When people think of a motorhome tour of Scotland, they often have the romantic Scottish highlands and west coast in mind. However, with Scotland being a relatively small country, there are plenty of short detours available… The Clyde Valley Scottish National Tourist is a short but scenic route which starts, rather bizarrely, at the Elvanfoot/Crawford interchange on the A74M (junction 14). The junction is somewhat unusual, too: the entry and exit are 4.5 km (2.8 miles) apart, but it’s still considered one interchange.
If you’re heading south on the motorway, you come off at Crawford and turn back on yourself; if you’re heading north or coming from Galloway you go under the motorway from Elvanfoot towards Crawford. Either way, you want the A702, heading northwards.
The official route takes you through the middle of Crawford, on the old Carlisle Road, while the A702 detours it. The village is worth a stop, though. Crawford Castle was originally a Roman fort and has later associations with William Wallace. The ghosts of Roman soldiers are sometimes seen – but only from the knees up, as they walk at the level of the Roman road, not the modern one. Crawford was also one of the staging posts on the Edinburgh to London coaching route, although the inn (also allegedly haunted) is now closed.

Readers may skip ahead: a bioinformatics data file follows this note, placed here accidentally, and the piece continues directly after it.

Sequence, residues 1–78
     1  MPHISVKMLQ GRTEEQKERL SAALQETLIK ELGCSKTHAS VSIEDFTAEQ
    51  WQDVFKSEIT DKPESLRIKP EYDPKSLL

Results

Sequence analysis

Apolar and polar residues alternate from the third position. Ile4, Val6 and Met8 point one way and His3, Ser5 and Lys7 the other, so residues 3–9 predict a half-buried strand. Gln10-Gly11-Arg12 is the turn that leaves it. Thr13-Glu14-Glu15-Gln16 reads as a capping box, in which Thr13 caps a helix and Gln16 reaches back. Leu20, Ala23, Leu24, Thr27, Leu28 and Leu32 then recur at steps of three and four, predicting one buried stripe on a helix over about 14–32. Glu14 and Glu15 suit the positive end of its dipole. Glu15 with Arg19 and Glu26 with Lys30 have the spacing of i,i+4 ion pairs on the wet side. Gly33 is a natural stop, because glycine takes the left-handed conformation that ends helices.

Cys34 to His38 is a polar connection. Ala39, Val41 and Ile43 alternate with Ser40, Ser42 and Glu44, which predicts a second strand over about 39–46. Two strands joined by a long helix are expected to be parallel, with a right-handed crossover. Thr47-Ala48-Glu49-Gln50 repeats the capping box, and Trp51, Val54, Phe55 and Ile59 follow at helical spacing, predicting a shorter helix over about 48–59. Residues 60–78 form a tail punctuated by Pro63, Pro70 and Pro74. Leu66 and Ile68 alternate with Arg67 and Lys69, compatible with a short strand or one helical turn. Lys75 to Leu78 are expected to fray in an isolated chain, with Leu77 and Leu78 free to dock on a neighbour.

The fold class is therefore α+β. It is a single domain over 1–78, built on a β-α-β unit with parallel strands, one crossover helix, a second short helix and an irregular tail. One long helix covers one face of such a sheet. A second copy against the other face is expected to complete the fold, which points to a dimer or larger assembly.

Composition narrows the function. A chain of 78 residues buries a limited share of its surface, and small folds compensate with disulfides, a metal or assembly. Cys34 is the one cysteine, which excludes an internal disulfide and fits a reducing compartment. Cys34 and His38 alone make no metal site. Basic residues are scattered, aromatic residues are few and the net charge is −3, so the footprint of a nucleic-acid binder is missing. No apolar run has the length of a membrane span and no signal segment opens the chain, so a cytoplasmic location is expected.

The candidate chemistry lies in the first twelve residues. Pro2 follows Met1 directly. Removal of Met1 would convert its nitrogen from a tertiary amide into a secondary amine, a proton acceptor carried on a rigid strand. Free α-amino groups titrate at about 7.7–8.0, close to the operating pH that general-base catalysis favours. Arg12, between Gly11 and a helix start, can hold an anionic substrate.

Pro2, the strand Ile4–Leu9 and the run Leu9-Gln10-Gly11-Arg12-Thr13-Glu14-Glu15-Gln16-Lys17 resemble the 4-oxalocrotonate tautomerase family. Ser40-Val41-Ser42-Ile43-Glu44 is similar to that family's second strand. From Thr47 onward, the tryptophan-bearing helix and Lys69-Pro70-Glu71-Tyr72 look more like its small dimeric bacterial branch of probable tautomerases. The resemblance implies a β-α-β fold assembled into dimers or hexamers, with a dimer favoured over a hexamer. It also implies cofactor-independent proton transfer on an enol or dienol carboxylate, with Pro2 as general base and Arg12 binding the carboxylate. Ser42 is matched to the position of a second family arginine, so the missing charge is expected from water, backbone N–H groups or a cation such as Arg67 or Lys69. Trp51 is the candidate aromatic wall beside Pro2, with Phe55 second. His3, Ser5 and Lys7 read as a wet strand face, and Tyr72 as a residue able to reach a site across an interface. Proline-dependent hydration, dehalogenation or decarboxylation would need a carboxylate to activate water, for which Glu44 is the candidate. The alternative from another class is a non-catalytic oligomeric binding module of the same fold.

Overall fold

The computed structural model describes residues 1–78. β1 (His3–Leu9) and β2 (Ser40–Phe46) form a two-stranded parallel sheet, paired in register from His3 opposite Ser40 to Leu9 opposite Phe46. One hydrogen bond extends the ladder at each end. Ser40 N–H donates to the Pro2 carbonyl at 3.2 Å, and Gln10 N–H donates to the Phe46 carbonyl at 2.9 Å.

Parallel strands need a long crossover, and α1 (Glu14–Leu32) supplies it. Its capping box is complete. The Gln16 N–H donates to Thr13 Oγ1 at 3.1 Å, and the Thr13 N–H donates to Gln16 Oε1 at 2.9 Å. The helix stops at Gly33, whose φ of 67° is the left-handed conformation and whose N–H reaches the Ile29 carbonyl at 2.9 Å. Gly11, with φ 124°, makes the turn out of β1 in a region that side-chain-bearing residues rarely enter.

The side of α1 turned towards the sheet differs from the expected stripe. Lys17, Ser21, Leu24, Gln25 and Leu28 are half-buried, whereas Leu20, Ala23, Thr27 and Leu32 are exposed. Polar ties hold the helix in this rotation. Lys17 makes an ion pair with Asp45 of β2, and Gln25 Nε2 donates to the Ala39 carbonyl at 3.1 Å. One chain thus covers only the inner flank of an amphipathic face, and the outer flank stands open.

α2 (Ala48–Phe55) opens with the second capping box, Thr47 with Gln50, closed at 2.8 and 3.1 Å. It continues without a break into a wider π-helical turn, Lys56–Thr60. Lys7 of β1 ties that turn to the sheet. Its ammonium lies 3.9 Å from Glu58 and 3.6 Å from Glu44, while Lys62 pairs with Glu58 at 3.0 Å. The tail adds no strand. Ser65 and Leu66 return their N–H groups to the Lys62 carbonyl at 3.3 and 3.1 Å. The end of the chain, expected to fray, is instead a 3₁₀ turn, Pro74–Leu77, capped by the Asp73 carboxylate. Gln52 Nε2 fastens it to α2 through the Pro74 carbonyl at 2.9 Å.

The A702 hugs the motorway all the way to Abington, where there’s a service station; you could come off the motorway here (junction 13) instead of at Crawford, if you’re joining the route from the north. From Abington, the route follows the River Clyde north-eastwards on the old Roman road towards Biggar, along a very pretty valley. If you associate the Clyde with Glasgow and industrialism, this road will come as a pleasant surprise.
Just south of Biggar the route turns onto the A72 and sharp back on itself – the roads join at a 45° angle, which requires a certain amount of finesse from the driver. If you’d rather take it more gently, head into Biggar, which is worth a visit anyway. It’s an ancient town, dating from 1451, with a 16th century kirk (church) and a Gasworks Museum, the only one of its kind in Scotland. It’s also a great place to buy treats, with famous ice-cream, chocolate and fish-and-chip shops. From Biggar you can head back to the A72 facing in a much more comfortable direction.
The A72 crosses the Clyde and joins the A73 at St John’s Kirk; the two roads share the route as far as Lanark, which can be confusing when you’re trying to read the road signs. You cross the Clyde again at Hyndford Bridge, a handsome Grade A-listed 5-arched bridge dating from the late 18th century. It’s narrow, so you may have to wait to cross it.
Your next stop is Lanark, which was granted its Royal Charter in the 12th century, making it one of Scotland’s oldest Royal burghs. In the 10th century is was the site of the first Scottish Parliament and its church bell is believed to be one of the oldest in the world. This is a town with a proud history. It also has good independent shops, restaurants and so on. The route diverts from the A73 via the B7017 and A743 past the station, avoiding the town-centre’s one-way system.